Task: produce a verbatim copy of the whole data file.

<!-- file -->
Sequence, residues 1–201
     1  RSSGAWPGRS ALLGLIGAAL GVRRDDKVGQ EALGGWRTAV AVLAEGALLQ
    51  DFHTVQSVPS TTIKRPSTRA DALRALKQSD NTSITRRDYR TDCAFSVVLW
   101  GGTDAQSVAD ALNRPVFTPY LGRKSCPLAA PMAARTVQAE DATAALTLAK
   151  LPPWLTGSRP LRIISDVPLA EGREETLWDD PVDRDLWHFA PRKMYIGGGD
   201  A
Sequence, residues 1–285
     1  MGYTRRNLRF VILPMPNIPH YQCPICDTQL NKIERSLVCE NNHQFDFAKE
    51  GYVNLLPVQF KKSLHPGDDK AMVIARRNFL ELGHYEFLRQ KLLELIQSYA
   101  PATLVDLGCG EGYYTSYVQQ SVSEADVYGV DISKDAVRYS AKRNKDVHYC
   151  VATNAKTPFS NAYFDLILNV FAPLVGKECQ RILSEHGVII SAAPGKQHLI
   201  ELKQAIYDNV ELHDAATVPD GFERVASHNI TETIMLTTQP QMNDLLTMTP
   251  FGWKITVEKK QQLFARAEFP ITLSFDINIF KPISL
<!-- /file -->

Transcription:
Sequence, residues 1–201
     1  RSSGAWPGRS ALLGLIGAAL GVRRDDKVGQ EALGGWRTAV AVLAEGALLQ
    51  DFHTVQSVPS TTIKRPSTRA DALRALKQSD NTSITRRDYR TDCAFSVVLW
   101  GGTDAQSVAD ALNRPVFTPY LGRKSCPLAA PMAARTVQAE DATAALTLAK
   151  LPPWLTGSRP LRIISDVPLA EGREETLWDD PVDRDLWHFA PRKMYIGGGD
   201  A
Sequence, residues 1–285
     1  MGYTRRNLRF VILPMPNIPH YQCPICDTQL NKIERSLVCE NNHQFDFAKE
    51  GYVNLLPVQF KKSLHPGDDK AMVIARRNFL ELGHYEFLRQ KLLELIQSYA
   101  PATLVDLGCG EGYYTSYVQQ SVSEADVYGV DISKDAVRYS AKRNKDVHYC
   151  VATNAKTPFS NAYFDLILNV FAPLVGKECQ RILSEHGVII SAAPGKQHLI
   201  ELKQAIYDNV ELHDAATVPD GFERVASHNI TETIMLTTQP QMNDLLTMTP
   251  FGWKITVEKK QQLFARAEFP ITLSFDINIF KPISL